The Case for Federal Funding for School Infrastructure

By Laura Jimenez, Center for American Progress - February 24, 2019

America’s infrastructure is falling apart. The American Society of Civil Engineers (ASCE) recently estimated that it would take a $4.5 trillion investment to upgrade the country’s roads; buildings; transportation, water, and energy systems; and other essential underpinnings. The ASCE has graded the country’s infrastructure as an overall D+. Infrastructure is the backbone of the U.S. economy, and the lack of investment in transportation infrastructure alone will cost the country $340 billion in lost business revenues from 2017 to 2023. While most infrastructure discussions consider transportation, energy, and more, they too often ignore K-12 public schools, which welcome more than 50 million children and adults every day. K-12 public schools represent the nation’s second-largest infrastructure sector.

Considering the size of the K-12 sector, its exclusion from larger infrastructure analyses, including the aforementioned ASCE report and President Donald Trump’s $200 billion infrastructure proposal, is puzzling. Schools are economic drivers, as well-prepared students will earn $1 million more over their lifetimes than their less educated peers. The condition of school buildings provides a crucial foundation for classroom learning that affects students and the American economy...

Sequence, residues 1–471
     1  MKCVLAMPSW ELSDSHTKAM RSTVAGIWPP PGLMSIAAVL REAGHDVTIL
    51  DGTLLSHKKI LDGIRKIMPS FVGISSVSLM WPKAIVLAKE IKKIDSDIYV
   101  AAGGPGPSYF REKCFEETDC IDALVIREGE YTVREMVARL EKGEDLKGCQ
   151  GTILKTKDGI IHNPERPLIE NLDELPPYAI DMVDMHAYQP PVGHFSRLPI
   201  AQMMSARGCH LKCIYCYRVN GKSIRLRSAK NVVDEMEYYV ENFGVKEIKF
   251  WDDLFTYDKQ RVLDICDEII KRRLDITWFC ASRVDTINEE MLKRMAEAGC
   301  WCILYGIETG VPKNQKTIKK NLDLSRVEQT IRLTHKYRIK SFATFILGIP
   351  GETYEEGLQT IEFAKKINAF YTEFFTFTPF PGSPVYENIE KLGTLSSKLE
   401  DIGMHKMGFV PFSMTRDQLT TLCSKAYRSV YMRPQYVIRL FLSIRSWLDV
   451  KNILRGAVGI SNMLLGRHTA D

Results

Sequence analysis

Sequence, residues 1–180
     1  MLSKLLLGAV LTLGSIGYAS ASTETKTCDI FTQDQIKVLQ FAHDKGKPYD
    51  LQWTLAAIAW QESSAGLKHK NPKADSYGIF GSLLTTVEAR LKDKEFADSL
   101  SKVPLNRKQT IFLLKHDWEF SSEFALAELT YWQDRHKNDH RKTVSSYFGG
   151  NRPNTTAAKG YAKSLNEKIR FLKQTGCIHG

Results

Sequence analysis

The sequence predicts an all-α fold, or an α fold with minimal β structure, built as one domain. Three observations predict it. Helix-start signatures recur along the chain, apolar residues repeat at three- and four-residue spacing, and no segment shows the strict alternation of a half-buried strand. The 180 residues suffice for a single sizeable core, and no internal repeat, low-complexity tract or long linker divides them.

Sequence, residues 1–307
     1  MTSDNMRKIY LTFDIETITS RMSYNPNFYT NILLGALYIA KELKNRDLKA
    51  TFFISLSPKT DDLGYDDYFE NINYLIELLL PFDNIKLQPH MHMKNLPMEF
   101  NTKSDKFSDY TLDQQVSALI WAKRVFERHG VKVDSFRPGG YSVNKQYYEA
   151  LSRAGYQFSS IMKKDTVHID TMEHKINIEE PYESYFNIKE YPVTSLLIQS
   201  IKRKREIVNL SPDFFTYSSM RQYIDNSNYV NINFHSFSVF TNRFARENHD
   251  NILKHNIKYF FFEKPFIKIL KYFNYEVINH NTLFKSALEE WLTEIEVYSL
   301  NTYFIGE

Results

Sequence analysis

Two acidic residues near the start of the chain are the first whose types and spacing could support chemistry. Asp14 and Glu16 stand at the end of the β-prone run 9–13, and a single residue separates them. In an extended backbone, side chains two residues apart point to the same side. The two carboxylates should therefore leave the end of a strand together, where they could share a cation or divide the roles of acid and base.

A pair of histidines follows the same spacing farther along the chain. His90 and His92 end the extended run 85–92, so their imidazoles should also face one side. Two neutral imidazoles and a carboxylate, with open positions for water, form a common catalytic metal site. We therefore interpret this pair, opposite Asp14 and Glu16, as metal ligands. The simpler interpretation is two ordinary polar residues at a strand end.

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Protecting Students from Gun Violence

Does "Target Hardening" Do More Harm Than Good?

By Bryan R. Warnick and Ryan Kapa - February 24, 2019

When confronted with the horror of school shootings, we face a dilemma. Naturally, we are deeply troubled by such incidents. The tragedies are so sad and profound-for the families, the schools, the surrounding communities, and the nation as a whole-that it is difficult to ignore these events as statistical white noise. Yet from a rational perspective, we need to recognize that schools, on the whole, are extremely safe places for young people. A joint report from the National Center for Education Statistics and the U.S. Department of Education concluded that children and youth were 87 times more likely to die by murder or suicide outside of school than in it (see Figures 1 and 2).

How do we weigh our awareness of the overall safe character of U.S. schools against the compelling desire to prevent more school shootings if at all possible? How do we find balance between these two perspectives? In our view, achieving such a balance means taking rational and effective actions to prevent school shootings while also being cautious not to sacrifice educational goals or the school climate for the sake of exaggerated safety concerns...